Never mind gifts for loved ones on Valentine’s Day—you’ll want to buy these edible delights for yourself… all year round. These are the best chocolatiers Britain has to offer.
A cornucopia of curiously gothic shapes, bold colours and fantastical arrangements—if Alice in Wonderland had a chocolatier, this would be it.
“Choccywoccydoodah are a team of eccentrics, from the artists that design the cakes and chocolate, to the people that sell them,” says creative director Christine Taylor. “Everything is made by hand by Doodahs, not machines. Choccywoccydoodah is a cult crossed with an asylum, dipped in chocolate.”
After perusing the wide variety of delectable wares, we suggest you take yourself upstairs to the Bar Du Chocolat. This is a decadent cafe space where you can indulge in a two-hour extravaganza of chocolate dipping pots, chocolate cakes and Belgian hot chocolate. Needless to say, it’s a popular joint.
Make sure you try… “Banoffee Bar”
Belgian couverture chocolate… even the words sound delicious. This is a type of chocolate that contains extra cocoa butter, resulting in a beautiful sheen, a firm snap when breaking and—most important—a wonderful creaminess on the palate.
Outside of Belgium, a top spot for tracking down this special treat is The Chocolate Rooms in the village of Tarleton, Lancashire. Owned by Paul Williams, the man behind local brand Choc Amor, this offers not only chocolates, but also cakes and lunches.
“Choc Amor specialises in amazing flavour combinations,” claims chocolatier Paul. “The chocolate is made in small batches on site at The Chocolate Rooms. You not only get to taste and find out which is your personal favourite, but also enjoy food prepared by our chef using locally sourced ingredients, followed by one of our homemade cakes, then our luxury hot chocolate…”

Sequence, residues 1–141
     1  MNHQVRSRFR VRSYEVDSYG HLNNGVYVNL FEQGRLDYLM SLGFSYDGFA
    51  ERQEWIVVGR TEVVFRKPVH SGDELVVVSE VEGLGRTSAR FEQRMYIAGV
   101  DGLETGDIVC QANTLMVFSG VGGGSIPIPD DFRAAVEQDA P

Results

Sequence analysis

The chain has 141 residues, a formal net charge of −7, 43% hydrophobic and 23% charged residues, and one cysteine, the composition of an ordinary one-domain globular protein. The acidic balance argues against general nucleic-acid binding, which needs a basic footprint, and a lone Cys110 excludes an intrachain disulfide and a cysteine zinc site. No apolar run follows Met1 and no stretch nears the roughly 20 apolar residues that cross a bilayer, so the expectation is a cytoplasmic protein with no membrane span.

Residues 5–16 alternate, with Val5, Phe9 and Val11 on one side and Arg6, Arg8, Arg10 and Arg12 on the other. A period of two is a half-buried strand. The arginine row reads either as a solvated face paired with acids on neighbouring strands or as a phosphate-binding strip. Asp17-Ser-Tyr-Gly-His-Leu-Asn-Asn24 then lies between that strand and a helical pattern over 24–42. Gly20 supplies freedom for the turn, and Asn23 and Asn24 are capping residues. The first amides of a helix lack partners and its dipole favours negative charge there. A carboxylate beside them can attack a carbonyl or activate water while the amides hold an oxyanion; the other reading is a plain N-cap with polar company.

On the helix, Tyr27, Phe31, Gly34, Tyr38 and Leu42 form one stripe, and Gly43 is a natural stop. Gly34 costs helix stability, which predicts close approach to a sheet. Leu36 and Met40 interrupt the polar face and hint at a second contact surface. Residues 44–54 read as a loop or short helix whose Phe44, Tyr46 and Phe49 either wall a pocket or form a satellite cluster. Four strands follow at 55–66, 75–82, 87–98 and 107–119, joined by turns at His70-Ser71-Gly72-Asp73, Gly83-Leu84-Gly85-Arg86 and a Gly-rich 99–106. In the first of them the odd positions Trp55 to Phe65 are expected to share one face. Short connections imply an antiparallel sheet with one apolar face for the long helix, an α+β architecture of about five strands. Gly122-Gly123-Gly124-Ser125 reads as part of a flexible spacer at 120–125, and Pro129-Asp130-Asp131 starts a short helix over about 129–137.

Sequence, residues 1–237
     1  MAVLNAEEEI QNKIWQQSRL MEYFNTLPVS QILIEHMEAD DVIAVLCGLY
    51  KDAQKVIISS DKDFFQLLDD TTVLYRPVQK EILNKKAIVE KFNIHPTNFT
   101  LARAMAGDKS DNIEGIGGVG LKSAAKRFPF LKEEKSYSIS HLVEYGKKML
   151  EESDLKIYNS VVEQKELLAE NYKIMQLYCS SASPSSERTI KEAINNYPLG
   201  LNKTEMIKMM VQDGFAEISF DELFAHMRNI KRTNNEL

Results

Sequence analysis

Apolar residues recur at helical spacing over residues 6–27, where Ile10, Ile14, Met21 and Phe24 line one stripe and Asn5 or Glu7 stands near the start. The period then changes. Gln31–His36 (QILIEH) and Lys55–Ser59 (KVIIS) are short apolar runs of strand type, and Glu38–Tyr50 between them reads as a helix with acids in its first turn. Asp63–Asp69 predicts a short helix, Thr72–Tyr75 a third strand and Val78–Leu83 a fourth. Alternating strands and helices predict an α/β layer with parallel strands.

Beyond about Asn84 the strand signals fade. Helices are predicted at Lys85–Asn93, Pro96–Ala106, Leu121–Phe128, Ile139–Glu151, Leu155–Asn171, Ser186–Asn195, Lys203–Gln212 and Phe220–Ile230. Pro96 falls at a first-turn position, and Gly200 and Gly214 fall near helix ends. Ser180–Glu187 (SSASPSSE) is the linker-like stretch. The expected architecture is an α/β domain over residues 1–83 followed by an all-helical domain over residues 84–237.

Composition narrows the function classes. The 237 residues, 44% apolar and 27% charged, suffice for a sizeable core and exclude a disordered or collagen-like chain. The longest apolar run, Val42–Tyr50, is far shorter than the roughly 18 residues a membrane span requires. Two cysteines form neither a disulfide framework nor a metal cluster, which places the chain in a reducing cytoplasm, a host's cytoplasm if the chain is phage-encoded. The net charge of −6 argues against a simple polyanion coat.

In other words, you should prepare for a long lunch.
Make sure you try… “Salted Liquorice Slabs”
Pump Street Bakery
This may be a bakery by name, but don’t let that fool you: the selection of chocolate you’ll find here is superlative. “We believe that using only the best-quality ingredients, along with obsessive attention to detail in production, yields the best bread and pastries, and the same applies for chocolate,” say the owners.
They’re on to something there, as their chocolate is exquisite. All the beans are sourced from family firms and co-operatives and are roasted, winnowed, ground and conched on site. After maturing, they’re ready to temper into bars.
It’s not a quick process, but that’s what really makes the flavours sing in this Suffolk-born delicacy. If you’re unable to get to the cosy cafe-cum-bakery in Orford, fear not—you can also find their creations at a number of stockists across the county and beyond.
Make sure you try… “Rye Crumb, Milk & Sea Salt 60%” chocolate bar
Paul A Young
There are three Paul A Young shops in the nation’s fine capital, but our favourite is the flagship (and coolest one) found in Soho. Step through the iconic purple door and you’re presented with a sea of cocoa confectionery, all arranged artfully on wooden furnishings.
Starting as a pastry chef in one of Marco Pierre White’s restaurants, the eponymous Paul quickly developed a love for the hard, brown stuff and set up on his own in 2006. He’s since been named “Outstanding British Chocolatier” by the International Chocolate Awards and, even more impressively, a “chocolate giant” by The New York Times.
Says Paul, “I’m passionate about seasonal ingredients and work in a truly artisanal way. At every stage we use fresh ingredients—no compounds, concentrates, essences, preservatives or additives.”
Dedicated to his craft, Paul can still be found in the kitchen on occasion and—such is his reputation—spotting him is akin to seeing a real-life Willy Wonka.
Make sure you try… “Passionfruit Curd Filled Chocolate”
Discover even more British chocolatiers in the February edition of Reader's Digest